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Dirty Hippies

The hippy life can be demanding and time consuming, what with all the chanting, meditating and overnight vision quests to be undertaken. I suppose the early Hippies saw that something would have to give to allow them time to deal with that kind of important stuff, so they took one requisite aspect of “normal” society and declared it optional: hygiene.

During a recent family slide show, my younger sister vented, “Are there any pictures of me as a child without dirt on my face?” Sad to say, we couldn’t find any.

Look, we lived in the country and got dirty very quickly. If you’re gardening and digging outhouse holes all day, what’s the point of cleaning up? You’re just going to get dirty again anyway. It’d be like a construction worker taking a shower after lunch; why bother? And while one might assume we would clean up between the daytime labor and the evening’s random acts of sexual deviance and drug experimentation… well one would be wrong.

Numerous Hippy theories were espoused, claiming that excessive bathing was unhealthy and undesirable. In fact, there was a very superior attitude toward mainstream folk who chose to obey the norms of society – shampoo led to “thinning hair”; washing the natural oils from one’s skin would “dry it out.” Hair would go unwashed for weeks, armpits unclean for days to test these theories. But looking back what it came down to was that we were all just too lazy to bathe and since no one was ever that clean, it didn’t seem to matter.

Ultimately, everyone made their own decisions as to how far off the skank-o-meter they were willing to drift. We kids had to go to school, and we quickly learned that regular bathing was essential to avoid the wrath of our teachers and fellow students. But laundry was another matter entirely. Unless we were willing to beat our clothes against river rocks, we had to get into town and hit the Laundromat. This required transportation, a roll of quarters and the better part of an entire day.

We tried to avoid it. We tried to live with dirty trousers. But country living and pre-teen shenanigans are hard on clothes, and when the school principle sent us home one day with notes to our parents threatening a visit from the County Health Inspector, a meeting had to be called.

My naïve hope was that this humiliation would at least result in some kind of regular laundry routine. We had a cooking schedule, a gardening schedule, even a hot tub fire-stoking schedule. Why couldn’t there be a laundry schedule?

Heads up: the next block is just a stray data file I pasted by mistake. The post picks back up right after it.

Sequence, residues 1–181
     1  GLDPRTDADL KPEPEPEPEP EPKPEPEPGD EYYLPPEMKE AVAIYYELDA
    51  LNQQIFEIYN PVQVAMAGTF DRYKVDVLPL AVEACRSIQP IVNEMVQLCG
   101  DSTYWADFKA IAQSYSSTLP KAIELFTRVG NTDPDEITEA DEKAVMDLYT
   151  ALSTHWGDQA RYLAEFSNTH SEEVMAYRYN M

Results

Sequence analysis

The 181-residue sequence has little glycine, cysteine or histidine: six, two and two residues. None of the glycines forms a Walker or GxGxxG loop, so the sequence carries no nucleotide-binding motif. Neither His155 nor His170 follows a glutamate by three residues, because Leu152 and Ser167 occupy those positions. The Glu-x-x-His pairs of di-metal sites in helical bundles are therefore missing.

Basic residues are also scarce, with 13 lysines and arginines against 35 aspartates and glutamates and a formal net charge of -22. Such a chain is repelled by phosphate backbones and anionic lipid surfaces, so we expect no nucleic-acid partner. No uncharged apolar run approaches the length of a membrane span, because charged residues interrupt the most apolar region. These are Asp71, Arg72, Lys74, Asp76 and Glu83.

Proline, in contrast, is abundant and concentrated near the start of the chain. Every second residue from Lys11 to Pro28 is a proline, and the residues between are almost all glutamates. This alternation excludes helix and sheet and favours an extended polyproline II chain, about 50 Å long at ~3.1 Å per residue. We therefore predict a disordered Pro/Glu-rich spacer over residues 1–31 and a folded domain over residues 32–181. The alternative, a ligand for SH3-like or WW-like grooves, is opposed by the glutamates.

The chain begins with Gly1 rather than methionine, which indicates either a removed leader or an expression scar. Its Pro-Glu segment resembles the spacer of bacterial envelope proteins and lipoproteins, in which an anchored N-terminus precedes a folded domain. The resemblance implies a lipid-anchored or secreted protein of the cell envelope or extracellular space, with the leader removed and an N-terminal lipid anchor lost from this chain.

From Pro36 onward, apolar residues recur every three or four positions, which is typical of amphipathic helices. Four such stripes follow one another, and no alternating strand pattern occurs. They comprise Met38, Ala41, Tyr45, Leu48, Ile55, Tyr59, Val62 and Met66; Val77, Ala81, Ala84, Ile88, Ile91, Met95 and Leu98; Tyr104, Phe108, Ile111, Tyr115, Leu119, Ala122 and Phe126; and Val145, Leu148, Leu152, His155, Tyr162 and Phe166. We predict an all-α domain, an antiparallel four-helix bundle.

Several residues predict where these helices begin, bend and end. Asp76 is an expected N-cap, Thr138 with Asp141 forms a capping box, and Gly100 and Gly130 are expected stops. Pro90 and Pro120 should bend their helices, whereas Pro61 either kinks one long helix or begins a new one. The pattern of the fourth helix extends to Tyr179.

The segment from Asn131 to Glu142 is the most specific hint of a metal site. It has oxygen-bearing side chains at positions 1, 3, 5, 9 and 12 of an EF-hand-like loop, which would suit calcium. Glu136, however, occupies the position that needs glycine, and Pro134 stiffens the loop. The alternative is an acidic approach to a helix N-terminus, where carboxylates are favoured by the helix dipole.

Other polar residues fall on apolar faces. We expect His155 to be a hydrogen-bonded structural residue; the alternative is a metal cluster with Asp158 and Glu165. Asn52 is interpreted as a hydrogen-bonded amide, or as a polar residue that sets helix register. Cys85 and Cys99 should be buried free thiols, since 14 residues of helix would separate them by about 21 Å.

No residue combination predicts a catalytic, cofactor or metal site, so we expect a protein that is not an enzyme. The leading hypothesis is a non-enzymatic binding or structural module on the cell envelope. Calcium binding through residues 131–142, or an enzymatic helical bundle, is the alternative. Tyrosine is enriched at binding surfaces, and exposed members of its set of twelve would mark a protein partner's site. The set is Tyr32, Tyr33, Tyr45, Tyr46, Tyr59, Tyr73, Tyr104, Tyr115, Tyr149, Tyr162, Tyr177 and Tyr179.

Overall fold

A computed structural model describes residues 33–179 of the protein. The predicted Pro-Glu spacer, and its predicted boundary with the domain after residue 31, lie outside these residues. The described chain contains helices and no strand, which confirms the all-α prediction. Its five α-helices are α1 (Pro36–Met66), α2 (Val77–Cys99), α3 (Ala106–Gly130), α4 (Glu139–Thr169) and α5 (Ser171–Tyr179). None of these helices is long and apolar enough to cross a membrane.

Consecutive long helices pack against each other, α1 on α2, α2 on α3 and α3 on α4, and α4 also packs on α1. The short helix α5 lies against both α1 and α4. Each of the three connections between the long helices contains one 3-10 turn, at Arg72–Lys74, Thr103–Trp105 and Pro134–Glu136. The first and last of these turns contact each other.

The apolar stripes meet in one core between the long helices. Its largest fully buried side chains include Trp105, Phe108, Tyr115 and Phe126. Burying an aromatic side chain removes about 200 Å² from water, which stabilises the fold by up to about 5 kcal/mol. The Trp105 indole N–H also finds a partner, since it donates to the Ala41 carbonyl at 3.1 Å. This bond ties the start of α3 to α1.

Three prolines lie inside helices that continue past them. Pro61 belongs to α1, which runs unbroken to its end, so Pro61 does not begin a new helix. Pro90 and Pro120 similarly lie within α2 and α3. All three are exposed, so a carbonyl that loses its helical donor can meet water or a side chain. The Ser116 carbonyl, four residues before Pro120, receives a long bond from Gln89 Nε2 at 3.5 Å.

Never underestimate the power of Enlightenment as Self Interest. Our parents saw this as an opportunity; since we had to have clean clothes to go to school, they would provide us a lift to town and the quarters… enough quarters so we could wash not only our own clothes but theirs as well. Everybody wins!

Some of us questioned this logic. All of our schoolmates had their laundry done by their mothers. What was wrong with that? Our own mothers were aghast. “We aren’t your slaves,” they replied, “and we live differently here. Would you rather live in the suburbs and TV dinners every day?” Of course we did, but we knew enough not to respond honestly to that one. Do you have any idea what a rare treat a TV dinner is to a granola-eating Hippy kid? Oh, beautiful, succulent TV, with your tasty meatloaf and suculent peach cobbler that I don’t have to wait until the end to eat… but I digress.

Our hygiene high jinks became more complicated when the county Building Inspector showed up one day, probably tipped off by the school that there was some funny business going on in our neck of the woods. He instantly “red-tagged” every one of our homemade domiciles, proclaiming them to be “unfit for human habitation.” He pointed out that the construction was not to county code and the lack of running water did not allow for proper grooming.

A meeting was called. It was determined that our particular corner of the universe, which was zoned “agriculture,” could also be zoned as a “summer camp.” This meant that if we brought just one building up to current code and it had sanitary cooking and bathing facilities, the remaining structures could be designated as “sleeping cabins” and would not be held to the same standard.

A common “community house” was constructed with all of the proper plans and permits, and before long the newly installed communal showers and tubs became a wet soapy wonderland for frolicking sex play. Suddenly it was cool to be clean. Some, of course, eschewed the new plumbing and continued to use the communal hot tub for their “weekly washdown.” And those of us who had discovered that group showers and “buddy bathing” were good clean fun made sure we did our tubbing before the Great Unwashed swamped up the works.